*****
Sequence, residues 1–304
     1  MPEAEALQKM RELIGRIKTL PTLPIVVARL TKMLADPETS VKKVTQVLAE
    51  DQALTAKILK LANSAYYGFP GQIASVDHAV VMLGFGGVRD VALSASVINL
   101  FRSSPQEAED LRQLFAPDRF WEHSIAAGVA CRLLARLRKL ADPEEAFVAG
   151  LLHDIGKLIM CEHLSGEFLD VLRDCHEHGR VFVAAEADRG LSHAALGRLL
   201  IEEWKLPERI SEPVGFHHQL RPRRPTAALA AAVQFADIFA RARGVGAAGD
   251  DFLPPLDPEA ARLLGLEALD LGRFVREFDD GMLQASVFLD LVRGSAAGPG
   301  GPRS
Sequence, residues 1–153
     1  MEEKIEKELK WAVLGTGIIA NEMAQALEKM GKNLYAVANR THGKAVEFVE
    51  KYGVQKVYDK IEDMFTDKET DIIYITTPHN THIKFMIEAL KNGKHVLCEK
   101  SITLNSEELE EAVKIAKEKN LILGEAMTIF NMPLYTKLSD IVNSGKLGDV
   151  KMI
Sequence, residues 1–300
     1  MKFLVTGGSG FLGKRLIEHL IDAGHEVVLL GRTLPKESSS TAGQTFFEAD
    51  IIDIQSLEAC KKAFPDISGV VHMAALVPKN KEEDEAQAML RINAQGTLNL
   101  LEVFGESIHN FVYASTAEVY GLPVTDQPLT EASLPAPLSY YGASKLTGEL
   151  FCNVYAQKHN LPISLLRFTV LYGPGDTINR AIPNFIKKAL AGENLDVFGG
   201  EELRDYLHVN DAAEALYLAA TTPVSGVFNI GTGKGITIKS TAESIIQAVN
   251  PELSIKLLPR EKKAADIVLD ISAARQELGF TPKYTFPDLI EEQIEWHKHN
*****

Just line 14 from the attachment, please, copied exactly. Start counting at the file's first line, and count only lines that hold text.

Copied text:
Sequence, residues 1–300